ORIGINALLY WRITTEN LEON G. HARMS – SACRAMENTO, CALIF.
When I was young, every boy had some kind of a job. Mine was working for Chet Ashcraft at the Hillsboro Star as a ?printer?s devil.? I began when I was 10 years old.
The newspaper equipment consisted of a Linotype machine, job presses, the newspaper press and a ?folder,? and trays of hand-held type. I kept the hot pots in the Linotype machine full of reclaimed lead. There were also lead blocks and wood blocks bearing reverse pictures and logos of merchants and organizations made from lead which were placed into the print frames.
These blocks were used until no longer needed and then melted in a pot along with the used type faces that were removed from the print frames after the press run was completed.
I used solvent to clean the ink off the hand type faces and restored the type to the alphabetic and numerical boxes for each size type face. Woe to a printer?s devil if he failed to get the type in the right box!
It was also my job to clean the ink faces of the job presses in the shop, since the newspaper survived not only from the weekly paper, but also from farm sales advertisements, political and events posters and calling cards on order.
There might be black, blue, red and other colors, each applied separately to the printed material and each time the ink face of the press must be completely cleaned.
I learned to do some ?job running? on these old presses, but never learned to hand-set type which is the printer?s skill and takes years to perfect.
My boss and owner of the newspaper, Chet, was a chain smoker and I will never forget him standing by his type table and hand-setting type as fast as a typist can write, green eye shade over his eyes and a cigarette with a long ash hanging from his mouth, smoke circling his head!
The best part of the job was on Thursday night when we went to press. I operated the paper folding machine, which was a separate operation after the press had run off the four-sheet ?run? on both sides, and the paper was ready to be cut and folded. Each sheet was hand-fed into this machine and came out a folded newspaper.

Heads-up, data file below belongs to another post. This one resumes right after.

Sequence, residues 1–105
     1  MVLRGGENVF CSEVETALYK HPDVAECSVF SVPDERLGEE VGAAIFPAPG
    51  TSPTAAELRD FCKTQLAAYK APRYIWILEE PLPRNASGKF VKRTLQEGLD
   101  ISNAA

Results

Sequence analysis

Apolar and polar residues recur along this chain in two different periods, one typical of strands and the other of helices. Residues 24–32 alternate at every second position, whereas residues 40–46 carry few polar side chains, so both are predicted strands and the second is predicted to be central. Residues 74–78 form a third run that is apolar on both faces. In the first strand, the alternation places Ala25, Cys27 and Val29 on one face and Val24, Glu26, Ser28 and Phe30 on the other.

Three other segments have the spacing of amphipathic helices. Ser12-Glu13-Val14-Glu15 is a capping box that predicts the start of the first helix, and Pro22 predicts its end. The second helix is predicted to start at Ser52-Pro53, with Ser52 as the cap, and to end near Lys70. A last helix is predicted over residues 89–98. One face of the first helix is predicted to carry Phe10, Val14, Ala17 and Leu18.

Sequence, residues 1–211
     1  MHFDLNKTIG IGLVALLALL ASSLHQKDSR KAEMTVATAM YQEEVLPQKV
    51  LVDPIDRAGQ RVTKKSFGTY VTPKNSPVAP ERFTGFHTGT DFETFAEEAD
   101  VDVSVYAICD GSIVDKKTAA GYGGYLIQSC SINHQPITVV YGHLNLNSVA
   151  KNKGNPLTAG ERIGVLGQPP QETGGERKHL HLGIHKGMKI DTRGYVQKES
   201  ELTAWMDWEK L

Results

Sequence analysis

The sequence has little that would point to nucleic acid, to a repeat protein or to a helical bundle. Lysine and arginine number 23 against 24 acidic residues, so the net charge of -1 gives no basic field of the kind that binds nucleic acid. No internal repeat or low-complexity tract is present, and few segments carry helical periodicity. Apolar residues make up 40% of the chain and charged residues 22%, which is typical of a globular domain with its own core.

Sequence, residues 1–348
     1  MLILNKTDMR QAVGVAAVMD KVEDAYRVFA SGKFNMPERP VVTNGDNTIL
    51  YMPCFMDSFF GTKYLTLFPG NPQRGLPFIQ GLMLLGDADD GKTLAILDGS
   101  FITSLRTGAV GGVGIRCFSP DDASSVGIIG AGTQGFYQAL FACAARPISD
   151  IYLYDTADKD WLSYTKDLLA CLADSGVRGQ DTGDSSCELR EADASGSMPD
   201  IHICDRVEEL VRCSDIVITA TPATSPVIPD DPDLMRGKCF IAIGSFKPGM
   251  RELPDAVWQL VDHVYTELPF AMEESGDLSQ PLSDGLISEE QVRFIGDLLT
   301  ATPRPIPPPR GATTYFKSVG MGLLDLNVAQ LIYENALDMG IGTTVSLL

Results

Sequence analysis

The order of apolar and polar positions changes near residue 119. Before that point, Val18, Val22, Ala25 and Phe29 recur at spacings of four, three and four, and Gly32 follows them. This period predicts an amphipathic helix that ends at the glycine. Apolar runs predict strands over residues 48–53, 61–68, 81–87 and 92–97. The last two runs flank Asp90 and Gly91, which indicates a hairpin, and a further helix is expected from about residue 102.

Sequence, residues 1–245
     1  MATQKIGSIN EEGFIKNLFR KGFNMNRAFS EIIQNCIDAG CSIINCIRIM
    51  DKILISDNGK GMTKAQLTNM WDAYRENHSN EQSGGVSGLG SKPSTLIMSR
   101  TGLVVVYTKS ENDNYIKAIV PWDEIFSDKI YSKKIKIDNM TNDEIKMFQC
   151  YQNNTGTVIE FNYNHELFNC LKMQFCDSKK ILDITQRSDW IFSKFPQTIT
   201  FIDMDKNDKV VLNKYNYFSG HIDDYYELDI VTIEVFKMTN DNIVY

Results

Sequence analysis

As I stood high on the platform of that folder, I felt very grown up feeding the paper sheets into the mechanism. To a modern printer, the machines we had would be primitive indeed. But as a boy, I thought they were wonderful! My parents allowed me to be out late this one weeknight because they believed that a boy should have a job and ?learn to work.?
We went to press in the evening because the paper needed all the material gathered during that day, from the local news and ?happenings? from its various unpaid sources, to the advertisements that sustained its life.
Also, print shops are hot places to work, especially for the printer?s devil that is melting lead, especially in the Kansas heat of summertime.
I enjoyed working in that little newspaper, especially on Thursday nights in the cool of a Kansas evening, and went home perhaps as late as 11 at night dead tired but with joy in my heart?the paper was out!
For this work I received 50 cents a week and a subscription to Boys Life and the Open Road for Boys monthly magazines. It never occurred to me that I was underpaid; instead I was proud that Mr. Ashcraft trusted me as his ?devil? with the lead, and the type, and the machines.
Many years later, I learned of the death of Chet Ashcraft, a pioneer newspaperman of the middle years of the 20th century. He was an inspiration to me, a good man, and as my father loved to say, he ?taught me to work.?